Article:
Welcome to the second week in our 52 week eco-exchange challenge. This week we’ve turned our attentions to household products. There are many possibilities for exchange here and we started with something we do very often with a toddler in the house- laundry. We previously used liquid detergent capsules as they seem to work well with our A++ eco washing machine at 30 degrees.
We carried out some research on detergents and their potential impact on the environment and found a few areas where they cause problems. The list below is by no means exhaustive but gives a flavour of the issues with most detergents;
Ok, time to science…
Production of detergents has a massive carbon footprint due to transport of many of the ingredients and other manufacturing processes. They vary from 0.6kg to 0.9kg per load, which in perspective according to Howstuffworks.com is equivalent to driving your car 1 or 2 miles for every load of washing. This doesn’t include the additional usage for running the machine.
A bit more science here, cast you mind back to GCSE science: There is a process known as hypertrophication (or eutrophication), a process in which there is enrichment of nutrients water systems such as lakes and ponds which causes plants to grow rapidly. The rapid growth of plants and algae uses up the supply of oxygen in the water leading to the death of the aquatic life. The algae also block the sunlight from getting to the bottom of the water thus causing many other photosynthesising plants to die, plants which would normally replenish the oxygen supply. The algae then also die off leaving a stagnant body or water or a bog with no life in it. Eutrophication is almost always induced by pollution with phosphate-containing detergents, fertilizers, or sewage, into an aquatic system and it is estimated that 50-70% (depending on your source) of all phosphates in the water systems come from detergent. A pretty big problem!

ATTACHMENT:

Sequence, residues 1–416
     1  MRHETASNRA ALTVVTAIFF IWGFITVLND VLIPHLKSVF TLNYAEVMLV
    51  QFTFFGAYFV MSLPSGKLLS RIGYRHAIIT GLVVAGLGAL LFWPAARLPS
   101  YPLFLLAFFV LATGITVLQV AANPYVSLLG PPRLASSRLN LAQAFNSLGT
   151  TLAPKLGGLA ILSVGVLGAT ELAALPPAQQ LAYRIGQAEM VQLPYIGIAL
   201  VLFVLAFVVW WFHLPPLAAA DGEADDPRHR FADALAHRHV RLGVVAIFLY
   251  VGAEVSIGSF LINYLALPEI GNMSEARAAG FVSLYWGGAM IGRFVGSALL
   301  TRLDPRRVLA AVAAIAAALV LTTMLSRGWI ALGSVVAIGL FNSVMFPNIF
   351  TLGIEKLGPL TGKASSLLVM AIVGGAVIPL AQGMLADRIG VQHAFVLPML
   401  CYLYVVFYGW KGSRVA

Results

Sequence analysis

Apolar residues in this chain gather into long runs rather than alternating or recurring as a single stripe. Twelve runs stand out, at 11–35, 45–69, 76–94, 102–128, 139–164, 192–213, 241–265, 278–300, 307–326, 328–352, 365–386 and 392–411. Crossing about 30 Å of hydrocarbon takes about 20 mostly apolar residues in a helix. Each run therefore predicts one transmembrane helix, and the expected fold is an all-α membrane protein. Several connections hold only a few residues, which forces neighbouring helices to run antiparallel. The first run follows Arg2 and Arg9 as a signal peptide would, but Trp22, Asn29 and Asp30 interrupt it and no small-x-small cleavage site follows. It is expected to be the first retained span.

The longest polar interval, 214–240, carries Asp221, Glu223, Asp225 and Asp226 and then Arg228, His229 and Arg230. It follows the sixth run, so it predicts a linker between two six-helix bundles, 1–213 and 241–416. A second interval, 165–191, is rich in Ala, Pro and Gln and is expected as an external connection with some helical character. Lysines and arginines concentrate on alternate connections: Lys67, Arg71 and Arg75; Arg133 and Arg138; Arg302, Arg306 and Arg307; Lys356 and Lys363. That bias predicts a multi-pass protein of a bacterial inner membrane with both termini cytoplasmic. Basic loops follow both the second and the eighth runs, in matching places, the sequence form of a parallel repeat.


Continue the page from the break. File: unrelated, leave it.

Not much we need to explain here- detergents usually come in plastic packaging which uses oil and a lot of water to make, doesn’t biodegrade and is generally an environmental nightmare.
With all of this in mind we sought on an alternative and found it in Soap Nuts. Incredibly they are simply nuts which grow on trees, are dried and ready to go! They help to clean clothes free from dirt and grime due to a naturally occurring chemical called saponin. They are compostable once used up and importantly contain none of those nasty phosphates we’ve been talking about. As they are simply sun dried nuts which grown on trees, their carbon footprint is significantly less than detergents.
We tried the Living Naturally soap nuts which came packaging that was mostly bidegradable but did have a plastic lid. If you buy the bulk packs they come in much more eco-friendly cloth sacks. It was £7.99 for enough nuts for 75 washes, or 108 washes if you make the washing liquid from them, which is pretty comparable to what we spent on detergent.
4-5 nuts go into each wash and can be re-used up to four times. They do certainly clean and freshen our clothes but won’t give that bright look to our whites. This is because they don’t contain poorly bio-degradable blue dyes like detergents but we can live with clean but not glowing clothes! We’ve been using them at 30 and are very happy with the results overall. I do find I need to soak some stained garments in a bit of lemon juice and water before hand but this works a treat!
The other important thing we have recognised in researching this article is that we as a society need to wash our clothes less. Sales of detergents are going up every year because we are all washing our clothes more. Not only does this wear them out thus increase waste, it also costs extra energy to do so. So think twice before you put those jeans you’ve worn only once into the wash, or that jumper that still looks and smells fresh, we certainly will.
We’re really happy with this exchange and what we have learned from it. Are you using soap nuts for your laundry? Many people use them for general household cleaning too- have you tried them for this? Do you fancy joining us in become eco-warrior washers? Are we missing something we should have mentioned? Feel free to get in touch with the comments below or on the contacts page.